Publication Ethics: Giving Credit where Credit is Due

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  Jun 02, 2016   Enago Academy
  : Academic Writing, Referencing & Citations
Publication Ethics

One basic element of publication ethics requires that an author give proper credit to those who contributed to the research. There are two ways to violate this guideline: not giving enough credit and giving too much credit.

Too Little Credit

Researchers are often accused of claiming more credit than they deserve for a notable research result. Claiming a breakthrough without acknowledging previous work leading up to it is quite common in the history of science and has led to some famous controversies over priority. In fact, Antoine Lavoisier may not have been the “Father of Chemistry” so much as the gifted pupil of several other researchers. He definitely built on earlier work in his field but had a way of writing his results that implied, without quite saying so, that he had come up with all the ideas on his own. If deliberate, this was unethical.

Isaac Newton, though he modestly spoke of standing on the shoulders of giants, was not always so generous to living rivals. If he didn’t like a certain researcher, he wouldn’t cite him in an article any more than was absolutely necessary. This is unethical but is fairly common practice among researchers even today.

Too Much Credit

Giving unjustified credit is just as unethical as denying credit although it rarely provokes the affected party in the same way. Giving copious but unnecessary citations to a colleague (“courtesy citations”) is one example. Including a colleague as a coauthor when he had contributed nothing to the content of the paper is more egregious, especially if the colleague happens to be a superior. This sort of author padding was said to be common practice in the Soviet Union. “Their equivalent of the chairman of the department gets his name on every paper in the department,” a friend informed me. Different customs and cultural factors make this a grey area.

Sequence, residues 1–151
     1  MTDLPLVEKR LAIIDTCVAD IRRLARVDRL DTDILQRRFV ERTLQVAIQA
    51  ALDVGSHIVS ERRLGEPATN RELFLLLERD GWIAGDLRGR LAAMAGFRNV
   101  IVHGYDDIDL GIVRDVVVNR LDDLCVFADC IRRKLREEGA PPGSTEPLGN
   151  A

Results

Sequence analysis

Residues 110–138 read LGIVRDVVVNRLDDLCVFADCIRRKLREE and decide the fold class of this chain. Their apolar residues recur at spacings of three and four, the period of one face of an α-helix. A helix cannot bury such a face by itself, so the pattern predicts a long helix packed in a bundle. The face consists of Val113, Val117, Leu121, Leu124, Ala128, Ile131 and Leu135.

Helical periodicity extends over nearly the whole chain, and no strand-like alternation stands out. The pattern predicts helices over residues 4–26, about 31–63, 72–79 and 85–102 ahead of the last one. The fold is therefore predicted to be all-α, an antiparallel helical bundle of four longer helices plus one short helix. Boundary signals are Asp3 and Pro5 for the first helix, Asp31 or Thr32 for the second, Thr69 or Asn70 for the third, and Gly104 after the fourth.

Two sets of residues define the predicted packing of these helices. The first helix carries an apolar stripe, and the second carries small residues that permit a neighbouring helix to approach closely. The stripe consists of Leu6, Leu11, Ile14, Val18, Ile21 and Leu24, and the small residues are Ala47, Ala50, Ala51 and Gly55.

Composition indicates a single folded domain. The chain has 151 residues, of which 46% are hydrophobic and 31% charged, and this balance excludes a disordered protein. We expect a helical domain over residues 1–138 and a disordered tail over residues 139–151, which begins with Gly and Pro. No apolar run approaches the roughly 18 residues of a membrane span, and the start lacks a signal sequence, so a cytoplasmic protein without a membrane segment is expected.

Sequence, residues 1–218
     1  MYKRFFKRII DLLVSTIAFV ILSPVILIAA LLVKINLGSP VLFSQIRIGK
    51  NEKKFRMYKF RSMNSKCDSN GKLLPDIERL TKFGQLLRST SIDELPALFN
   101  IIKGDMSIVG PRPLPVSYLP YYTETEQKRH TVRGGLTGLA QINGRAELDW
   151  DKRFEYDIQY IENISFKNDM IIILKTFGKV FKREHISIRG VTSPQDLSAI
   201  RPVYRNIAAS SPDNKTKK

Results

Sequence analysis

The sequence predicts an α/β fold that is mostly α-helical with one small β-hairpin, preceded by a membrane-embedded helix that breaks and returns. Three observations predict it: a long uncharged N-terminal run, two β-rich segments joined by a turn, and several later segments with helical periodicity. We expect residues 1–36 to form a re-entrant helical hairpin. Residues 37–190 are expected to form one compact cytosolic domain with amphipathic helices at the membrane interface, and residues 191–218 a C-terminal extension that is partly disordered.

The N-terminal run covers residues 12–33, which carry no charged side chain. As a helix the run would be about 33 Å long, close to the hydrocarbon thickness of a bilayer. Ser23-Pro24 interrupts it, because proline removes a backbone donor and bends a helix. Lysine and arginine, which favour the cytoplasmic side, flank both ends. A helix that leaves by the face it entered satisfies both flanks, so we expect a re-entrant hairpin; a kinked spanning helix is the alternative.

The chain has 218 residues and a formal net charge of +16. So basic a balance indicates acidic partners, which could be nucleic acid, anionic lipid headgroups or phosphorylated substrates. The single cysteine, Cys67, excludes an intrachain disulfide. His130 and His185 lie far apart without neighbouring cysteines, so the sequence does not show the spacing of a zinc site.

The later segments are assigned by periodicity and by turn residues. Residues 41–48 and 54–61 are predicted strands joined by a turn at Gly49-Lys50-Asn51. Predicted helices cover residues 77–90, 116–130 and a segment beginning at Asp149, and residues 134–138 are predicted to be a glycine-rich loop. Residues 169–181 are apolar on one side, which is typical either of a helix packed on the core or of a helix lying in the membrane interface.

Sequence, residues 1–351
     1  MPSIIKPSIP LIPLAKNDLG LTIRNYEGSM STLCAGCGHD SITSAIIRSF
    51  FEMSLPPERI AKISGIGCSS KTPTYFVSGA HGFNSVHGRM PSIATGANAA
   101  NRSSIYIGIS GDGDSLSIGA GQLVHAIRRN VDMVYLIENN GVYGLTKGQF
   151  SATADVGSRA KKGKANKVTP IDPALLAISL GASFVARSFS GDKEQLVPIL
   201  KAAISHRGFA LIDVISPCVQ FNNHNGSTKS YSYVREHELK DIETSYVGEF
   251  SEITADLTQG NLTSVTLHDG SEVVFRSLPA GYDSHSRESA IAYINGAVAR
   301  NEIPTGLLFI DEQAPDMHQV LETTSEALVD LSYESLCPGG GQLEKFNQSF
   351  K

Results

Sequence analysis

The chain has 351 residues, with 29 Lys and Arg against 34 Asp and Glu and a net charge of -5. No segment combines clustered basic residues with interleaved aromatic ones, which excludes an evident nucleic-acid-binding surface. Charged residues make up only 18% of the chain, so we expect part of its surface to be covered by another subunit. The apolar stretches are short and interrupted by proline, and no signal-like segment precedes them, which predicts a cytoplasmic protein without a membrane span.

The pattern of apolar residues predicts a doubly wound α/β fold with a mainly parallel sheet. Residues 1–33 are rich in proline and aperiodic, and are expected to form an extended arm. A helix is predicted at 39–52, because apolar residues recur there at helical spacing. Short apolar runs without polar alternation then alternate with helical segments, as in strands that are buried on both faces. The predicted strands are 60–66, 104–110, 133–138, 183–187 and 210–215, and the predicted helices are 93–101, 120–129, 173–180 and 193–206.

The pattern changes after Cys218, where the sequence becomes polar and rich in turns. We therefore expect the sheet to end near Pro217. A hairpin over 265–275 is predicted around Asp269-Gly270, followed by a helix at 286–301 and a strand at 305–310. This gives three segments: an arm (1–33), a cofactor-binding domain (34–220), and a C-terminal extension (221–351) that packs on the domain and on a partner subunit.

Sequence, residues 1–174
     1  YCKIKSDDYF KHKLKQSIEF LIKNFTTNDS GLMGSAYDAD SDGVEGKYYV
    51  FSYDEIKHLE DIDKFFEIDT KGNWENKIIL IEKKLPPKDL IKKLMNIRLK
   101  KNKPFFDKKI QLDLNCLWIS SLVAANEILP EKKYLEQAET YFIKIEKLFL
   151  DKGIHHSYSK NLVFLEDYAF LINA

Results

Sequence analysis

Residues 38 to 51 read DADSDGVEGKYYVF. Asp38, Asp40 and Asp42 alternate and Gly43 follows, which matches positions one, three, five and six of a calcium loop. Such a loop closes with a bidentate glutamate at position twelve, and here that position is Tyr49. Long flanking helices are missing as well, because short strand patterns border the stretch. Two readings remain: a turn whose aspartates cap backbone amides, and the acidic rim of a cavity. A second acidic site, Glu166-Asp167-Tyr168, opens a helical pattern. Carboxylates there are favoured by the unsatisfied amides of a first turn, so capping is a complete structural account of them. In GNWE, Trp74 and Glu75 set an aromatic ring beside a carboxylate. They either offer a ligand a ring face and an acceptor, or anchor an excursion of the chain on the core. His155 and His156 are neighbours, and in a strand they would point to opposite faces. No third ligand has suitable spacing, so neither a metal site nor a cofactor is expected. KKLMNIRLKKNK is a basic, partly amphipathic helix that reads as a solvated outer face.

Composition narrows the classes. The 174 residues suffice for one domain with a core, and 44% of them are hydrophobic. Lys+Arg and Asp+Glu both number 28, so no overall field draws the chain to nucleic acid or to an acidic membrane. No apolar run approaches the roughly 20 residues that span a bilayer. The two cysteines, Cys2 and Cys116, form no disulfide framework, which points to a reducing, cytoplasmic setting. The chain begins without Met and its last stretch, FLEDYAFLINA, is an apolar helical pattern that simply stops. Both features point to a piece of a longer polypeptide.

How much autonomy do the individual researchers have and how does the chairman actually involve himself in the work? When does an acknowledgement of “helpful discussions” transition to a co-authorship? A flagrant example of unjustified credit occurred in 1948 when grad student Ralph Alpher and his adviser George Gamow prepared a paper on “The Origin of Chemical Elements,” arguing that the Big Bang would have created all the elements found in the early universe. Before sending it off to Physical Review, Gamow added the name of his friend Hans Bethe as coauthor. His justification for doing this was nothing more than “It seemed unfair to the Greek alphabet to have the article signed by Alpher and Gamow only.” Get it? Alpha, beta, gamma—A, B, C. Bethe was amused. Not Alpher. He thought that having two well known physicists listed as coauthors on the paper would minimize his contribution. As much as I like a good joke in science, I have to agree.

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